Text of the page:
Part seven of this peek into a blended family surviving on an alien planet.
Previous installments can be found by searching the Category List for “Monday Musings”
Baby Ginny’s fussing woke Dr. Ben Fortunas. He’d fallen asleep with his chin in one large palm. He snorted at his own foolishness even as he tip-toed—a comical act for such a tall man—into their sleeping quarters.
Cassie rolled over and mumbled, “ya gots herz?”
“K.” She pulled the patchwork quilt back over her head and snuggled deeper into the mattress.
Ben’s lips twitched upward. He opened the bassinet dome and turned off the sensors that monitored the baby’s respiration and heart rate. “Shh, little one. Let’s go out here to eat.” Scooping her up and cradling her in one arm, he slid back out of the room.
As he went through the rote motions of turning on the bottle-filling machine, Ben winced. The water mixing with the formula went through the same filters as the adults’ drinking water. If lorga was making it through those filters, it was certainly contaminating Ginny’s food. With her tiny frame and infant’s metabolism, she’d be even more adversely affected. Lead poisoning could cause permanent brain damage in children. Would the lorga have similar effects?
Once the baby started greedily sucking down her meal, Ben walked to Cassie’s workstation and retrieved her finger-prick kit. Baby Ginny was the only human on Dremiks not equipped with a medical information chip. “And that’s because we didn’t bring a child-sized chip along,” he whispered. “No one expected you, little troublemaker.”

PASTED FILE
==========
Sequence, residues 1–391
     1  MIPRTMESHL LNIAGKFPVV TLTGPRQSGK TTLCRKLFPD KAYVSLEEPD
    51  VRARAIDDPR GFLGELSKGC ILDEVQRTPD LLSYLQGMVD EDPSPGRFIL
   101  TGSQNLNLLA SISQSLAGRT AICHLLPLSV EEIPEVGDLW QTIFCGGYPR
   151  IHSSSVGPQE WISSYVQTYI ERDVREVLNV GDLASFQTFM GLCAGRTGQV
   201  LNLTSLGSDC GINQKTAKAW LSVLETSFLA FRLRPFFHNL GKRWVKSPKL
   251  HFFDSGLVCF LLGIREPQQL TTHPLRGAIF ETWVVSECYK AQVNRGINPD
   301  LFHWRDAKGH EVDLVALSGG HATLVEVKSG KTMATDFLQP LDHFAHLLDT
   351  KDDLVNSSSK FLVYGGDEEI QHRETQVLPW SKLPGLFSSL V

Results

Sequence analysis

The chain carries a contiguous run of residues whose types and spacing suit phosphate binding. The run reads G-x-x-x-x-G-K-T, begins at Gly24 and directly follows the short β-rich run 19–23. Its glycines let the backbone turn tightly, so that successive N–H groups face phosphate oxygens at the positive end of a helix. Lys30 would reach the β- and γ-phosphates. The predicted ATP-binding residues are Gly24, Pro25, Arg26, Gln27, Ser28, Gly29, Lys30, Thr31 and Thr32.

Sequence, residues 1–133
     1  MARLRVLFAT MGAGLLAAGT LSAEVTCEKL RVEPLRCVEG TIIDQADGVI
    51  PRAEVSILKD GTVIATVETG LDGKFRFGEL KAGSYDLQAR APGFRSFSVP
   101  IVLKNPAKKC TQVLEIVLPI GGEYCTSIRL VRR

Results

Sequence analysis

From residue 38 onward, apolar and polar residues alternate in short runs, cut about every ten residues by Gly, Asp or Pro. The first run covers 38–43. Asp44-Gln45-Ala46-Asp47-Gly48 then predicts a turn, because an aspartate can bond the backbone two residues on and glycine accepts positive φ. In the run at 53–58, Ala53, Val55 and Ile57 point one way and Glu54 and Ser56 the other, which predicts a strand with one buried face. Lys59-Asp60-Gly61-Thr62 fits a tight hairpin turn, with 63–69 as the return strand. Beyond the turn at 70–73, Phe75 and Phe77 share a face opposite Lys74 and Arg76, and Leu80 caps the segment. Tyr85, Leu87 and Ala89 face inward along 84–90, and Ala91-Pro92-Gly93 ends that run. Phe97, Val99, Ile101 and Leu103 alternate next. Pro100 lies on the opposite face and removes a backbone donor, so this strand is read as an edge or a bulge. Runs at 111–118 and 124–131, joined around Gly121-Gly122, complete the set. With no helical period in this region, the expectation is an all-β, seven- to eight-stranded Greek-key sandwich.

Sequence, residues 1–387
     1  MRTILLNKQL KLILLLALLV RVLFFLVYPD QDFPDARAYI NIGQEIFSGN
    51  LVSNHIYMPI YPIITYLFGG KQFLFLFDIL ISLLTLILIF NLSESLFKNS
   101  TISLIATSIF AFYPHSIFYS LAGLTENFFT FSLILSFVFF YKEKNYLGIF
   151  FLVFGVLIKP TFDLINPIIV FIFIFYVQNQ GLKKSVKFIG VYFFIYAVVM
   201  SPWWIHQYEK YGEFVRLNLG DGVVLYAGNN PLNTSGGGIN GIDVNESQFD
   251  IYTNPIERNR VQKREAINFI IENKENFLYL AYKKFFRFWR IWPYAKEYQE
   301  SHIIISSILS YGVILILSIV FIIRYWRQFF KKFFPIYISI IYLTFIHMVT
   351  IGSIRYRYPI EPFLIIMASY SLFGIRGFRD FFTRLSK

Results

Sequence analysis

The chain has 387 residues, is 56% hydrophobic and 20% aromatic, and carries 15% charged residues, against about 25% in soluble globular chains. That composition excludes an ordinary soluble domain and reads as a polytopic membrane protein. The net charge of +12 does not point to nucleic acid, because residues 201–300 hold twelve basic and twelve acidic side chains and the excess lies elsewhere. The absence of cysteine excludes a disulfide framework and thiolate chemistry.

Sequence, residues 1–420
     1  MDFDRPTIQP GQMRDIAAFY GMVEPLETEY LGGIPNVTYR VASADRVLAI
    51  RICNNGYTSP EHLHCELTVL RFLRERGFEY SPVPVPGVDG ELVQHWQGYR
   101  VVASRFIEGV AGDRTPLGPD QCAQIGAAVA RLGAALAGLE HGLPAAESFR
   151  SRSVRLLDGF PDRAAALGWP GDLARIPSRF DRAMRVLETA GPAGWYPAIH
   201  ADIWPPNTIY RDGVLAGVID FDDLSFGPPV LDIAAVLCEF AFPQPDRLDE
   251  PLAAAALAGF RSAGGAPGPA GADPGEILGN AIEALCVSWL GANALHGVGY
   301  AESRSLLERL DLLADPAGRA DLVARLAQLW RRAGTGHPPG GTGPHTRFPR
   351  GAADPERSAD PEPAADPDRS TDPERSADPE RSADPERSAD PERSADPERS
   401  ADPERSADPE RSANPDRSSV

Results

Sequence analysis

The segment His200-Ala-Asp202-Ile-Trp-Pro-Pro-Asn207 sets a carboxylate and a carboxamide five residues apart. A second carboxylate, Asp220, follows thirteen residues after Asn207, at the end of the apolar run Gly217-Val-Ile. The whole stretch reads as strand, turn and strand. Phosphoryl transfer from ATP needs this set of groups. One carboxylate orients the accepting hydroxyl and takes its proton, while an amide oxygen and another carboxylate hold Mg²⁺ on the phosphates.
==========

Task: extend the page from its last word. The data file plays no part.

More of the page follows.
He sat down and shifted the baby slightly so that she was getting less air from her suckling and so he could raise her sleep-sack. With her thigh exposed, Dr. Fortunas pressed the device against her skin. She stopped eating long enough to blink furiously at him. “Entschuldige Schatz. Don’t tell your mother.” He set the tester aside and adjusted the baby’s clothing. Ginny’s suckling slowed. Dark eyelashes started to hide her blue-green eyes.
“Oh no you don’t, little one. Burping time and a diaper change.”
As Ben stood, the blood tester chirped. The screen displayed a complete blood count and mineral levels.
“Huh. Well… huh.” Ben stared at the screen. Ginny Hill showed no signs of anemia, and her blood contained no traces of lead or any other unwanted metals.
“What is it?”
He raised his head. Cassie leaned in the doorway of their bedroom. Her hair stood out from her head in weird shapes. Rubbing her knuckles over one eye, she asked again, “What’s going on?”
“Little Miss Inheritor here is the only human on the planet who isn’t anemic.”
“Well, yeah. I’ve been increasing her iron intake. Premature infants often suffer from mild anemia. Also, it’s not like she had the best diet for the first few weeks.” Straightening, Cassie appeared more alert. “What do you mean, the only human on the planet? We’re all anemic?”
Ginny belched just as Ben started to respond. He motioned with his free hand. “Exactly what it sounds like. I’ll tell you about it later. Much later. Let’s go to bed.”
“Won’t be able to sleep now. My brain’s working the problem.”
“Right.” Ben changed Ginny’s diaper with military efficiency. “Care to bet on it? I say you’re asleep before I get in the bed,” he said without turning around. Once more, he tucked the baby into her bassinet and set the monitors. “Well?”
Cassie didn’t answer—she was sound asleep.
Ben smiled softly as he climbed in beside her.